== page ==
The name appeared for the first time Cheerleading effect (the one too Bridesmaid paradox is called) in 2008. There it says in a dictionary: "All together the cheerleaders look attractive, although on closer inspection one or the other is not even pretty."
In fact, one works Group of uniform people (who therefore don't have to wear a uniform, they just have a lot of external similarities) extremely attractive to us. We then no longer perceive the individual, but rather the average of all of them together. Not only cheerleaders benefit from the effect, but also boy groups or girl groups such as the Spice Girls, who were very individual types in themselves. Such bands are usually cast in such a way that there is something for every taste. But only together do they appear even more attractive.
How beauty and stereotypes are passed on
But: Why do we automatically consider attractive people to be more powerful or smarter?
According to sociologists, there is one behind the latter archaic reflex, simple but effective: attractiveness is a signal physical health; In turn, intelligence and performance can develop fully when the body is healthy.
The stereotype is also fed on Relationship market: Intelligent people with prestigious jobs mostly find beautiful partners. Both parts are passed on to a certain extent, so that the children in these relationships are usually also attractive and intelligent and, thanks to their parents, on top of that better starting conditions bring. The advantage is thus practically passed on. And because everyone knows such examples from their environment, the cliché solidifies and the effect increases.
How deeply rooted this belief is can be seen in the following mentality: Around 90 percent of the Men believe that it is important to look good in order to be successful at work.In the case of men between 30 and 39 years of age, 97 percent found this, according to the result of a Germany-wide TNS Infratest survey of 1000 men. The older generation between 40 and 59 sees it almost the same way: 85 percent agree with the thesis. Only the real social network (not the one on the Internet) is rated higher than attractive looks with an average of 93 percent.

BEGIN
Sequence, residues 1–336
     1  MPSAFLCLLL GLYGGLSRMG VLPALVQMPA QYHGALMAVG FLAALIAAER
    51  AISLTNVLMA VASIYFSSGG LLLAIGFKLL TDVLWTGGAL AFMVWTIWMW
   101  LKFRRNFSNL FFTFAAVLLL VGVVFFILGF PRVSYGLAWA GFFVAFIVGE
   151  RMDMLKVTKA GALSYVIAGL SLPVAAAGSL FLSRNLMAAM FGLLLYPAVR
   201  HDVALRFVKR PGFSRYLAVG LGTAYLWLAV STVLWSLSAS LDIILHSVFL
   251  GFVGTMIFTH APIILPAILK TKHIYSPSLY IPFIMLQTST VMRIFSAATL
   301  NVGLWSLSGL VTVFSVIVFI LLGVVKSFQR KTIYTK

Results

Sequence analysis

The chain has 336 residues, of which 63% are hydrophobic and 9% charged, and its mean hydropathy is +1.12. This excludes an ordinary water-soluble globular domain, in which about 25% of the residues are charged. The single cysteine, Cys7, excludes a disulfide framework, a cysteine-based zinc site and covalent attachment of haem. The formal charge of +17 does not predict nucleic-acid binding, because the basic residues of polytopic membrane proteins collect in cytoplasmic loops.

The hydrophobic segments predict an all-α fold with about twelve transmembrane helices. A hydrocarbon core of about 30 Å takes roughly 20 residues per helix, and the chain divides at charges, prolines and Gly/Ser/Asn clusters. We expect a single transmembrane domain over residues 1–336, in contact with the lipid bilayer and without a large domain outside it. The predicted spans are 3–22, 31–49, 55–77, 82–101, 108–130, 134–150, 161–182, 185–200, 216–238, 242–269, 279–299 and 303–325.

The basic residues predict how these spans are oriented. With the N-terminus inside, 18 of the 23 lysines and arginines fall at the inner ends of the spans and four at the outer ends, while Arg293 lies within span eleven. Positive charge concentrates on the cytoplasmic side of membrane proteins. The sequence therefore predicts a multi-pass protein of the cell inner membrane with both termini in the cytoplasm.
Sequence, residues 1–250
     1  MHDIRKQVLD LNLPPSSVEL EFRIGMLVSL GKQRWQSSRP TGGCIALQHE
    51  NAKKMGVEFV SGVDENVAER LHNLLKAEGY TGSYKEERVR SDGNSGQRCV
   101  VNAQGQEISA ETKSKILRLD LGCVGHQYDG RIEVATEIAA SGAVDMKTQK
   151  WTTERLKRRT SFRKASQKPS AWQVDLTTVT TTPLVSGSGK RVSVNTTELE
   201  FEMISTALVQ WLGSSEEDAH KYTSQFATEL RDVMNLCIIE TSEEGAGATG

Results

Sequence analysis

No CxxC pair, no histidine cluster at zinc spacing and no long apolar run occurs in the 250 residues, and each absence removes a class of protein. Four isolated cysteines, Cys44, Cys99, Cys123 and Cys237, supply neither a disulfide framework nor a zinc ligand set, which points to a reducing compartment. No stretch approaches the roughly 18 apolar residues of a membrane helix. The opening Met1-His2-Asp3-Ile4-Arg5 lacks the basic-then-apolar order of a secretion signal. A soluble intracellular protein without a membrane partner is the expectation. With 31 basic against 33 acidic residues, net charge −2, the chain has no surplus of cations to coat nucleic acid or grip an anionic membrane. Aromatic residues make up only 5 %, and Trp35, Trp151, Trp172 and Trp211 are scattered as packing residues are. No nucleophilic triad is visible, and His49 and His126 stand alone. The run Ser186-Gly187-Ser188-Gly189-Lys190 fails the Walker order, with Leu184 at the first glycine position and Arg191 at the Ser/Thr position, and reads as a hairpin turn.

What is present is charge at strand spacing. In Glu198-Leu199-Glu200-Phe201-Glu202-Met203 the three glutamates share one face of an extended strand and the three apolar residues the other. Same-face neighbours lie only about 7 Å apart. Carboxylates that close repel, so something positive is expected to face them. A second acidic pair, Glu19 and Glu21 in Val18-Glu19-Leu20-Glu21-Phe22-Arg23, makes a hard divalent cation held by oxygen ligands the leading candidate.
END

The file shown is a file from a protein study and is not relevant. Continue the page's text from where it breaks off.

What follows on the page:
Why do men pay more attention to beauty than intelligence in women?
Because men can see better than they can think? Might be. Sociologists found another explanation: A beautiful woman at the side of a below-average attractive man makes him appear immediately more attractive. So the model at his side increases his status: He is promptly considered more intelligent, more self-confident, more lovable.
It doesn't work the other way around: an exceptionally good-looking man at the side of an average attractive woman does not change the slightest thing about how others assess her. Too bad.